Place flour in bowl. Add 85-90% of the water to the bowl and mix until flour is evenly hydrated. Cover and autolyse for 20 minutes.
Add yeast, poolish, oat sponge, and levain to the mixing bowl. Mix with a dough whisk to combine. Cover, place in warmed proof box (to try to preserve warmth in the dough), rest 5 minutes. Dough temp.: 80F.
Oat sponge is on the left in the photo:


Add salt to mixing bowl. Mix, folding in the bowl, 50 folds. Dough temp.: 74F. Cover, place in warmed proof box, rest 5 minutes.
Fold 30 times in the bowl, then 5 minute rest as before, then finally 20 folds. Dough is lifting away from the bowl as I fold it at this point; gluten showed improved mix.

Add remaining water (80F) to the bowl, and mix to incorporate.
Add oat soaker and dates and mix to incorporate evenly.
Dough temp.: 73F (recommended to be 73-76F).
Bulk ferment at 78F for two hours, with (3) stretch and folds every 30 minutes.
Here is the dough at the end of the bulk ferment:

For the first bake I divided the dough into three parts to make boules. For today's bake, I followed these shaping instructions to make (2) triangle breads (remaining dough shaped as a boule):

Divide the dough in 160g / 5 ¾ oz pieces and preshape as a tight ball. Cover and allow the dough pieces to rest for 20 minutes.

Shape the rested balls of dough into triangles, being gentle not to degas the dough too much. Three triangles make up one loaf. Arrange three triangles together on floured linen, seam up, so that the point of one triangle rests in the center of one of the sides of the other triangle. The finished shape will have a circular appearance.
(I proofed top side up as I didn't think I'd be able to successfully flip the triangles over!).
Place the loaves in a draft free place at approximately 74° F for 30 minutes to proof.

Shaping a triangle by gently folding over three sides, towards center, pinching to seal and bring together:
  
                                                                        After proofing:  

A couple of notes about the maple leaf: I used a bit of decorative dough for this (extra dough that I froze after making my fol epi loaf awhile back. After thawing, the dough is just as good as new :^) ... a happy discovery!) 
After cutting the leaf and removing the excess dough, I dusted the leaf with flour.

I used the cutter to gently! mark the boule to help with placement of the leaf. 
                                                              
I brushed the area where the leaf would go lightly with water, to help the leaf stick.
After the leaf was placed, I scored around it and then lightly on the floured leaf, to try to make "leaf veins".

Back to the triangles:
If proofing seam side up, turn the loaves over onto the oven loading device.
Score each triangle with two lines (I did three).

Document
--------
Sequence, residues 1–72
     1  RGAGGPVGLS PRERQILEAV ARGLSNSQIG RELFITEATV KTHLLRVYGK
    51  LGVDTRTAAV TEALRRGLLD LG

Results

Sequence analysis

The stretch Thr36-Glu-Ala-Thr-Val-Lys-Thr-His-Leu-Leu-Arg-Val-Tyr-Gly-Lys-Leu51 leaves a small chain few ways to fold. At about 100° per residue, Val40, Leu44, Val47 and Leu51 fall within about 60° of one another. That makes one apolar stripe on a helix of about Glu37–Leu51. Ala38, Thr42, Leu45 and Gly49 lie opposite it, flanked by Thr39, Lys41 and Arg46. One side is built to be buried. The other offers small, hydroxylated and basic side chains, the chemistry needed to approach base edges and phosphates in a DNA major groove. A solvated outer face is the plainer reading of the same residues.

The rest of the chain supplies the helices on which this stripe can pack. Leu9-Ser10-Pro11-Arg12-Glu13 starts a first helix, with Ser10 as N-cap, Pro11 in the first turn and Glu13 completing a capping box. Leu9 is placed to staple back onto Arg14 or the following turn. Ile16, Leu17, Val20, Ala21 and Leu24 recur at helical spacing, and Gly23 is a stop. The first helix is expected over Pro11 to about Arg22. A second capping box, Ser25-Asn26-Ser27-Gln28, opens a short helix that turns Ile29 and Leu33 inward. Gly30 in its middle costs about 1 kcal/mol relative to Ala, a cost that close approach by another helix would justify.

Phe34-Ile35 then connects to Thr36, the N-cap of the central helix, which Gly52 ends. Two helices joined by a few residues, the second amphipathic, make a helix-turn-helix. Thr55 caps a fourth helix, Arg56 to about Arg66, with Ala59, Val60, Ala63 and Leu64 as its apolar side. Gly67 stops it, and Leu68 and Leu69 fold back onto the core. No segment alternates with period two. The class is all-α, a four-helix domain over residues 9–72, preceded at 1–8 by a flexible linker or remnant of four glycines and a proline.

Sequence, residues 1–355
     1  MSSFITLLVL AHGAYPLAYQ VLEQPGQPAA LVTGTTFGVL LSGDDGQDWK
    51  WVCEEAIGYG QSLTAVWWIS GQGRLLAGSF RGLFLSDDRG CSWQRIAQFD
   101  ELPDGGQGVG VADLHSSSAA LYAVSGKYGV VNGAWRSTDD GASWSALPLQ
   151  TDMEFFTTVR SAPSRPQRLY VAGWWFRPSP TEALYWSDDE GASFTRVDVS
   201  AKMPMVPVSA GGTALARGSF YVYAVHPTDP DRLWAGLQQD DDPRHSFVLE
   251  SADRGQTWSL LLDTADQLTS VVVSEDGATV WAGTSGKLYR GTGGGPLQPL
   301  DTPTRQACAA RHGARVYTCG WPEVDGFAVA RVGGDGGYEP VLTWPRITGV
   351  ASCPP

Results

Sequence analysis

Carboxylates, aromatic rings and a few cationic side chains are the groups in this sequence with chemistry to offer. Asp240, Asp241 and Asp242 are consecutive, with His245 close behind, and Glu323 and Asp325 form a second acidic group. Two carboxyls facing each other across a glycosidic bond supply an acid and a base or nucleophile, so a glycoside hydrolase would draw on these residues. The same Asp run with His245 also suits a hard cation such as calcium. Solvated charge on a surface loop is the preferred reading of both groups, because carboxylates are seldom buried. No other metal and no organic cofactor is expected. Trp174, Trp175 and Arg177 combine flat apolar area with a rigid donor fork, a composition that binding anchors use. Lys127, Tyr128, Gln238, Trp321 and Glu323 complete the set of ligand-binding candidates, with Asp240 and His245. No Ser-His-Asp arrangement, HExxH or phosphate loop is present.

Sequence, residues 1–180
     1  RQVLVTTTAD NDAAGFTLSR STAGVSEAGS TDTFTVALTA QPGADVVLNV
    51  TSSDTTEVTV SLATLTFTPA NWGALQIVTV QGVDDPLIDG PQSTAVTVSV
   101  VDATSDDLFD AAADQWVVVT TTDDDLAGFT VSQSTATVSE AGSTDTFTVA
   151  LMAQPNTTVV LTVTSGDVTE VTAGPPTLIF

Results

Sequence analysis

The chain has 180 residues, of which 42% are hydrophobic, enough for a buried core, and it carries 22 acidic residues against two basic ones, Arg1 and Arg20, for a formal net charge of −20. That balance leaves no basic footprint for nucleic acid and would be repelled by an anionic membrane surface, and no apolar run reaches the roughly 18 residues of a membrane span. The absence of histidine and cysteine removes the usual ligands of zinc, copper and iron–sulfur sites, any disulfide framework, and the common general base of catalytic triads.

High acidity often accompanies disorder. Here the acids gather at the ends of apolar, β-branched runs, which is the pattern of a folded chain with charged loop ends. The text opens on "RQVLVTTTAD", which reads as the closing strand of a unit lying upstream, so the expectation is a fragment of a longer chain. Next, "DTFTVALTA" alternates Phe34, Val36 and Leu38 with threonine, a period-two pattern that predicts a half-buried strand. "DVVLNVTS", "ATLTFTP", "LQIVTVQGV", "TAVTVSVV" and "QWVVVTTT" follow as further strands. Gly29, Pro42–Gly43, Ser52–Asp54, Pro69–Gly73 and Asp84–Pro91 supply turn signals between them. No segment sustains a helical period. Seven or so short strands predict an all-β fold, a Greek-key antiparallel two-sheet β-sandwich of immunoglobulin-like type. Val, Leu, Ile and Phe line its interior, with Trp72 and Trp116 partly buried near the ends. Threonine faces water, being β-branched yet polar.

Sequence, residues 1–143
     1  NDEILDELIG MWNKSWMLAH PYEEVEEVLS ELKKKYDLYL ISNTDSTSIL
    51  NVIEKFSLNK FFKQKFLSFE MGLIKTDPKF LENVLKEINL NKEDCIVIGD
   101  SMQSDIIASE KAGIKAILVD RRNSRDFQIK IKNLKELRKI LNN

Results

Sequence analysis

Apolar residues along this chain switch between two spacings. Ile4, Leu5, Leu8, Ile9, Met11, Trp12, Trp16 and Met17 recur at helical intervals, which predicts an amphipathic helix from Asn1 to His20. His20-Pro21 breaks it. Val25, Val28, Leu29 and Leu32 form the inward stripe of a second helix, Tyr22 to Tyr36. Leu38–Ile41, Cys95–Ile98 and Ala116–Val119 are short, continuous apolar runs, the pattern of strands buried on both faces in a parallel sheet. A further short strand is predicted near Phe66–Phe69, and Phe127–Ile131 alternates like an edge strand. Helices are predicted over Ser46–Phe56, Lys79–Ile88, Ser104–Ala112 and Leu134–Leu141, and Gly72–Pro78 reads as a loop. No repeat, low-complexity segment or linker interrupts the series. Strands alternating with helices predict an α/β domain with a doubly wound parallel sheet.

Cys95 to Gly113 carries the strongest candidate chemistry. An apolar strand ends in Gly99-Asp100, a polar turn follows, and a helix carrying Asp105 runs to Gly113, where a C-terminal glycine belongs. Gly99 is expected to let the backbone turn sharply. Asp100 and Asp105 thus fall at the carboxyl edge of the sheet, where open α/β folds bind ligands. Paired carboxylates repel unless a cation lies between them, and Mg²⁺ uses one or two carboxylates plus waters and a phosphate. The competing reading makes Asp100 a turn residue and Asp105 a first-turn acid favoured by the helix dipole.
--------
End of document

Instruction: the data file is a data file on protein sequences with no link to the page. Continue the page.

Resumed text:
Bake with steam at 475° F for approximately 30 minutes. 
Vent the steam from the oven and continue to bake for an additional 5 minutes.
(I found these were browning fast. I moved the loaves around every 10 minutes, and covered with foil and reduced to 435F after 20 minutes. 30 minutes total bake time; left in oven for 10 minutes with oven off and door ajar).
Remove the bread from the oven and allow to cool.

And lastly, a couple of crumb shots!:
 

Happy baking everyone, and Happy Canada Day!
from breadsong

Submitted to YeastSpotting :^)

Comments

dmsnyder's picture
dmsnyder

I looks delicious!

I just joined the BBGA and have yet to really explore their archives. I'm looking forward to new discoveries.

David

breadsong's picture
breadsong

Hello David and thank you! -
I really hope you enjoy your membership :^)
There are bread formulas from around the world, great write-ups on the regional classes, and incredibly-helpful technical articles available to view; those back issues of the newsletter are a feast for the eyes, with the photos and all of the information...happy browsing! 
:^) from breadsong

Janetcook's picture
Janetcook

Breadsong,

What beautiful loaves.  I particularly like the boule with the maple leaf. Very striking especially with the flour dusting added.

Another one for my 'to bake' list.

Can you explain why the leaven has the salt added?  I know it is used to slow things down but you then had to counteract it with a warm water bath....Why not just prepare a regular leaven?

Thanks,

Janet

 

 

 

breadsong's picture
breadsong

Hello Janet - Thanks so much; I'm glad you liked the maple leaf :^)
The instructions were to salt the levain, but perhaps the formula authors were working with a really robust starter.
It's been 5 days or so since I last fed my starter; my starter might be a bit sluggish.
Also, the ambient temperature overnight is cooling to 68F of so in the kitchen here.
The warm water bath sure did wake the levain up though and I was really pleased with how it responded.
Thanks again Janet!
:^) from breadsong

Janetcook's picture
Janetcook

Hi Breadsong,